Crystal structure of human glucokinase in complex with glucose and activator
[HXK4_HUMAN] Defects in GCK are the cause of maturity-onset diabetes of the young type 2 (MODY2) [MIM:125851]; also shortened MODY-2. MODY is a form of diabetes that is characterized by an autosomal dominant mode of inheritance, onset in childhood or early adulthood (usually before 25 years of age), a primary defect in insulin secretion and frequent insulin-independence at the beginning of the disease.             Defects in GCK are the cause of familial hyperinsulinemic hypoglycemia type 3 (HHF3) [MIM:602485]; also known as persistent hyperinsulinemic hypoglycemia of infancy (PHHI) or congenital hyperinsulinism. HHF is the most common cause of persistent hypoglycemia in infancy. Unless early and aggressive intervention is undertaken, brain damage from recurrent episodes of hypoglycemia may occur.
[HXK4_HUMAN] Catalyzes the initial step in utilization of glucose by the beta-cell and liver at physiological glucose concentration. Glucokinase has a high Km for glucose, and so it is effective only when glucose is abundant. The role of GCK is to provide G6P for the synthesis of glycogen. Pancreatic glucokinase plays an important role in modulating insulin secretion. Hepatic glucokinase helps to facilitate the uptake and conversion of glucose by acting as an insulin-sensitive determinant of hepatic glucose usage.
Publication Abstract from PubMed
Human glucokinase (GK) is a principal regulating sensor of plasma glucose levels. Mutations that inactivate GK are linked to diabetes, and ones that activate it are associated with hypoglycemia. Unique kinetic properties equip GK for its regulatory role: although it has weak basal affinity for glucose, positive cooperativity in its binding of glucose causes a rapid increase in catalytic activity when plasma glucose concentrations rise above euglycemic levels. In clinical trials, small molecule GK activators (GKA) have been efficacious in lowering plasma glucose and enhancing glucose-stimulated insulin secretion (GSIS), but they carry a risk of overly activating GK and causing hypoglycemia. The theoretical models proposed to date attribute the positive cooperativity of GK to the existence of distinct protein conformations that interconvert slowly and exhibit different affinities for glucose. Here we report the respective crystal structures of the catalytic complex of GK and of a GK/glucose complex in a wide-open conformation. To assess conformations of GK in solution, we also carried out small angle X-ray scattering (SAXS) experiments. The results showed that glucose dose-dependently converts GK from an apo conformation to an active open conformation. Compared to wild type GK, activating mutants required notably lower concentrations of glucose to be converted to the active open conformation. GKAs decreased the level of glucose required for GK activation, and different compounds demonstrated distinct activation profiles. These results lead us to propose a modified mnemonic model to explain cooperativity in GK. Our findings may offer new approaches for designing GKA with reduced hypoglycemic risk.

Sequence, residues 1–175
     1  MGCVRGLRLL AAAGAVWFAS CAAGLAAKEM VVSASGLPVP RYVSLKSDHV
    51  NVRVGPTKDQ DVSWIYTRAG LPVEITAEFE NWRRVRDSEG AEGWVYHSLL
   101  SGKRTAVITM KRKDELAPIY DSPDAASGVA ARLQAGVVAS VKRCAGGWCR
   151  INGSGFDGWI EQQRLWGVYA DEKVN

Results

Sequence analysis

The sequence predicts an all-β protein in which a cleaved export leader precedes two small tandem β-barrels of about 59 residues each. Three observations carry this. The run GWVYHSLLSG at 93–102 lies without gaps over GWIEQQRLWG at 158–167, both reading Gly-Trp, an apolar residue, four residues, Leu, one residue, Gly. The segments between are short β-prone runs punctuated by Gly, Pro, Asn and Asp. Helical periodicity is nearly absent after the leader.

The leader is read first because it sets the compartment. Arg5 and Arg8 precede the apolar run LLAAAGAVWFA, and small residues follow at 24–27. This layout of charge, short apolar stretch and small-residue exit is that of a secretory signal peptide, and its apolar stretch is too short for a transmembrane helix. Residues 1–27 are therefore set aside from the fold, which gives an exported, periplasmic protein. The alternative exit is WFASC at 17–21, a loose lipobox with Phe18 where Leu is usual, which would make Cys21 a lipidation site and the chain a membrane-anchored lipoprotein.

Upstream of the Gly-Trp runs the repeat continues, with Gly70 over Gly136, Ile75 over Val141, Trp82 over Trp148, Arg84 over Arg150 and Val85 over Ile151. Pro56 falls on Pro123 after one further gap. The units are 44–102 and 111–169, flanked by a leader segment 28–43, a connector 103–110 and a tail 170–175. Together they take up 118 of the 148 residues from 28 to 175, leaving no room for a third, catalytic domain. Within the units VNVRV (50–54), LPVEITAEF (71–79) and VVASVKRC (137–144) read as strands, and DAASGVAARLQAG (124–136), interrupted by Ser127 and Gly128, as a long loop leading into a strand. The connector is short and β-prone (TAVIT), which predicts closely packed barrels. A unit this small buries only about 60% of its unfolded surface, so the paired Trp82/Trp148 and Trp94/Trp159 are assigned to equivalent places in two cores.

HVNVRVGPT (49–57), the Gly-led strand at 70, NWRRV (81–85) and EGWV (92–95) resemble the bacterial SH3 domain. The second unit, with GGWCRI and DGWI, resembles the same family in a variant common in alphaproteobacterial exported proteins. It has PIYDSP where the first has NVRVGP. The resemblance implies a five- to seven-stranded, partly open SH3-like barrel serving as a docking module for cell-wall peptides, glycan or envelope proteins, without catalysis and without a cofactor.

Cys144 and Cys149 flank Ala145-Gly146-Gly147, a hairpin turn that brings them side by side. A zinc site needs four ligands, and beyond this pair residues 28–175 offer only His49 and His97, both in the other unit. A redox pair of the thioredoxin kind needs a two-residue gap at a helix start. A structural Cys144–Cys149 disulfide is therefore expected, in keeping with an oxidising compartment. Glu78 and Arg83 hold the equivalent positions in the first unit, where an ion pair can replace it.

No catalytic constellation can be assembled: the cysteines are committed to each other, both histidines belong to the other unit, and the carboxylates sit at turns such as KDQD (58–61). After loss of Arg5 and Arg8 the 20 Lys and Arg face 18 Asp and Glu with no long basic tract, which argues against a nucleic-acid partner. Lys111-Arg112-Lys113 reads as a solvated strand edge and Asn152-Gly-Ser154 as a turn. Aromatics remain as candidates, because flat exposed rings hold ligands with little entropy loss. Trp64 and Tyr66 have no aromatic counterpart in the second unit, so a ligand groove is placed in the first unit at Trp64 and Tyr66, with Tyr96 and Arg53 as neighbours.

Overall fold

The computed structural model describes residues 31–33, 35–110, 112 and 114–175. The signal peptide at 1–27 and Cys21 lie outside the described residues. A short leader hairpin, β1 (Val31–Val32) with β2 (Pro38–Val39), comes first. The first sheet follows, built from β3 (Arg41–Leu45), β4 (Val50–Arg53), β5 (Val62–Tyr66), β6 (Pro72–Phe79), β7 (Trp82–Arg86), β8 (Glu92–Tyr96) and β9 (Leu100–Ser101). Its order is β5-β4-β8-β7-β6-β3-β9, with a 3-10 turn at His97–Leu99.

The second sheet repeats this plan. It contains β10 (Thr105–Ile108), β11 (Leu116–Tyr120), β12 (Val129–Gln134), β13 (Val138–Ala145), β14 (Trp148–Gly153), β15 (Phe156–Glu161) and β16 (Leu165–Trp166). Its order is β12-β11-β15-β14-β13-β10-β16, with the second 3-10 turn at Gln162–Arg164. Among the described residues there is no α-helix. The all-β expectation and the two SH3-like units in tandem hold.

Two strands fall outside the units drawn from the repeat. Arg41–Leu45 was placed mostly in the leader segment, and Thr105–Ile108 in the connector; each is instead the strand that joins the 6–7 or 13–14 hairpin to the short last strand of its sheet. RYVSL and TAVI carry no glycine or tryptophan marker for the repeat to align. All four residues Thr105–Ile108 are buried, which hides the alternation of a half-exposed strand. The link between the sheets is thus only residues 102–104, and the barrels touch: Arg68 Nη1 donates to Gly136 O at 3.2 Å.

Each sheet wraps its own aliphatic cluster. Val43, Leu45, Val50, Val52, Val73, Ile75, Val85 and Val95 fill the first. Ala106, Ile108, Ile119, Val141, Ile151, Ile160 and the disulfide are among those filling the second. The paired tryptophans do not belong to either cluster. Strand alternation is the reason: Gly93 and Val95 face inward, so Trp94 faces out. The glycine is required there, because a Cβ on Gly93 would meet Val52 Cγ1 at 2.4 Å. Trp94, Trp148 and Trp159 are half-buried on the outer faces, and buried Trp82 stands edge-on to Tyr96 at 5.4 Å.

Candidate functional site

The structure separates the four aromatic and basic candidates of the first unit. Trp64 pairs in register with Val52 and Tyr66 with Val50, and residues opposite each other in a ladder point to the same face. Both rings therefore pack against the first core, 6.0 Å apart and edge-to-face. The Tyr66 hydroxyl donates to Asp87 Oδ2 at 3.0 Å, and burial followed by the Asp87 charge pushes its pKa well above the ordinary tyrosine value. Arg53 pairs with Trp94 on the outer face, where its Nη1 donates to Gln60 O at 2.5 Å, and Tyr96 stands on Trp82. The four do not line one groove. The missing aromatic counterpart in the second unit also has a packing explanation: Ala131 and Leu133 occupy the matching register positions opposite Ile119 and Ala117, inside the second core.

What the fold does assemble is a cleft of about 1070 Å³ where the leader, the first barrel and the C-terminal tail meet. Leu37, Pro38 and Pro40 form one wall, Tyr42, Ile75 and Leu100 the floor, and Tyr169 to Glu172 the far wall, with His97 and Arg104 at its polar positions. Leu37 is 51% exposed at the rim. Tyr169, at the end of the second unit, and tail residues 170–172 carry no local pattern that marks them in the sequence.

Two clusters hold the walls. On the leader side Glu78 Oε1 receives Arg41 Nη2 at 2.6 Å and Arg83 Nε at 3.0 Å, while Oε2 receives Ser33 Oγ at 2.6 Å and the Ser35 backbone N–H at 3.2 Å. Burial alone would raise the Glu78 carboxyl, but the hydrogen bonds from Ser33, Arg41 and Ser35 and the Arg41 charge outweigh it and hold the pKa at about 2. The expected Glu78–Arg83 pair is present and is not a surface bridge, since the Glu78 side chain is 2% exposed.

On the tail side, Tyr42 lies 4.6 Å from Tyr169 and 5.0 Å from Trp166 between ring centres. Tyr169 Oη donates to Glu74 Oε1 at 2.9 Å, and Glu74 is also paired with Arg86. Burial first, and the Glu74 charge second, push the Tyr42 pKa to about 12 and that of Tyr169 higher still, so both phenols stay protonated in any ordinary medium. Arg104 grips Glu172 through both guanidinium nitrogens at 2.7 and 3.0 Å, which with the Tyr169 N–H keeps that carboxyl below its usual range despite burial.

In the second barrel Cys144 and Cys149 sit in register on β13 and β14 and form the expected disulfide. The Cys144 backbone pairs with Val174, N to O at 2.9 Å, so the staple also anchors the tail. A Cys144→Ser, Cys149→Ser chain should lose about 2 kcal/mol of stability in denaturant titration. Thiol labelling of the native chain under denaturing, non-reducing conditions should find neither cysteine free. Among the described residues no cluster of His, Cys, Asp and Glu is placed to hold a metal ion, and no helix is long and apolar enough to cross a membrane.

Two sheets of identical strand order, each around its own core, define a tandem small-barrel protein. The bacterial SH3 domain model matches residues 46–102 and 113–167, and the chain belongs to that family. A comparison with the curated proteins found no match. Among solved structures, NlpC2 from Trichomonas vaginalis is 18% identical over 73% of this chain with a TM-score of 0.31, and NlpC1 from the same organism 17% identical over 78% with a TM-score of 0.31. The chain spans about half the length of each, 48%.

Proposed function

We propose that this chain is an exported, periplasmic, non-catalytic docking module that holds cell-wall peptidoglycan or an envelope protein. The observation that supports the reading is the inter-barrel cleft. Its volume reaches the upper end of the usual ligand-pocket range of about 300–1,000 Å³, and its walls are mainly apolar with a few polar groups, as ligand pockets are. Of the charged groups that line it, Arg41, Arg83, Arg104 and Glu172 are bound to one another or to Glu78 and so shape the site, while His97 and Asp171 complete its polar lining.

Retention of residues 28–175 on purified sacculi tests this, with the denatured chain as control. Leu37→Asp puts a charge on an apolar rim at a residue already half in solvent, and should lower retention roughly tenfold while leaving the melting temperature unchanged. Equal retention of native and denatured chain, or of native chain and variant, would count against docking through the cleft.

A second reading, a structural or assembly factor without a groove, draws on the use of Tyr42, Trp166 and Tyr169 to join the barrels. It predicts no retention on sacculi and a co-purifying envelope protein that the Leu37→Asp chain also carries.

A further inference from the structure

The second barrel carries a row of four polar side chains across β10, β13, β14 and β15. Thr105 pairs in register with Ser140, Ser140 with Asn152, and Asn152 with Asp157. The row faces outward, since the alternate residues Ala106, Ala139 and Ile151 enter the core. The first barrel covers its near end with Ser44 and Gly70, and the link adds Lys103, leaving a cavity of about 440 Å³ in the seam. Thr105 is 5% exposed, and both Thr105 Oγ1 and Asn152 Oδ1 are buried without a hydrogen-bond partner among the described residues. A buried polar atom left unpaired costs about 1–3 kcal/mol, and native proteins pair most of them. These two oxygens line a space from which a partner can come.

Insights into the mechanism of glucokinase activation: observation of multiple distinct protein conformations.,Liu S, Ammirati MJ, Song X, Knafels JD, Zhang J, Greasley SE, Pfefferkorn JA, Qiu X J Biol Chem. 2012 Feb 1. PMID:22298776
From MEDLINE®/PubMed®, a database of the U.S. National Library of Medicine.